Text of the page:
So I got started here explicating some advanced methods of analyzing player performance. I think that the article on DIPS, while somewhat dense, made a strong case for the amount of luck that gets captured in an ERA. Over the next week-ish, I'm going to hand calculate the DIPS for our starting pitchers to see how much luck may or may not have had a hand in our less than stellar rotation this season. However, before I do this (actually because this will take me such a good chunk of time) I wanted to turn this into a series of sorts.
As much as I understand and can know that the BABIP/ERA phenomenon is statistically valid and often empirically sound, there has always been a part of me that's wanted to call B/S. I'm going to run with that thought until I finish cranking out the numbers and we'll see of some of the other measures I look to can support or cast doubt on what the DIPS-ERA differentials may or may not be.
Today I'm going to roll with a BP Statistic "Quality of Batter Faced." It looks at the combined BA, OBP, SLG, and OPS of every batter a pitcher has faced. It can be used a barometer, of sorts, to see whether a pitcher's performance has been legitimate or whether it's the happenstance of facing superb or poor hitting.
Are the results surprising to anybody else? Roy has faced the second easiest offense and he had struggled for so long. My theory, when the hip flared up, was that he was quietly struggling with it all season long -- which his post injury performance I think bolsters that idea. I'd love to see his pre and post ASB LOB% to see if his out of the stretch pitching is what was hurting him. But I'm digressing. Looking at these numbers, Brian Moheler seems to have posted some very legitimate performances, where as one has to keep scratching their head at the Randy Wolf acquisition. We could consider cutting Wandy some slack and I think it's high time we show Brandon Backe the way to Round Rock.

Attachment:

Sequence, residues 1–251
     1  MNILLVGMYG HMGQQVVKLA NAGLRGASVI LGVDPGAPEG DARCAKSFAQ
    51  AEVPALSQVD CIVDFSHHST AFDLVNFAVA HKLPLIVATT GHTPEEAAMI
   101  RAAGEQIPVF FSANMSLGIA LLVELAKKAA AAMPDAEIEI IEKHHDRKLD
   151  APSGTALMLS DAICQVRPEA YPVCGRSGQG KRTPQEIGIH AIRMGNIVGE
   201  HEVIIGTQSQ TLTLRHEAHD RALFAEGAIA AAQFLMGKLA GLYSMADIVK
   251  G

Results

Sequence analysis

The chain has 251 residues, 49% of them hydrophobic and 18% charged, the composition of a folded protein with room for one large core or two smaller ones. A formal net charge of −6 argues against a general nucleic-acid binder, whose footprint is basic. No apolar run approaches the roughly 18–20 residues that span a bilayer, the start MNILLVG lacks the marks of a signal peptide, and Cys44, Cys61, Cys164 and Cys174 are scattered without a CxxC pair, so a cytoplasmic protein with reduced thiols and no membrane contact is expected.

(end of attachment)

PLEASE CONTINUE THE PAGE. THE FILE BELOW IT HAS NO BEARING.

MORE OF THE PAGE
While I'm not sure of the overall validity of this measure, it's some food for thought. It'll definitely be something to consider when we look at the DIPS-ERA differentials on our starters. Perhaps we'll see that Roy has pitched much better than his ERA suggests, but we can also couch that in the context of his quality of batter's faced or vice versa for any of the pitchers above.
**For some context on the numbers, Roy's batter-faced line from last year was: .260/.332/.410/.742. Wandy: .259/.327/.412/.739. Also the toughest line for pitcher faced in 2008 (min. 100 IP), belongs to Matt Garza: .269/.340/.425/.765. The easiest belongs to Adam Eaton: .250/.321/.388/.709. FYI, Randy Wolf owns the 8th easiest line...iiiiiiisssshhhhh**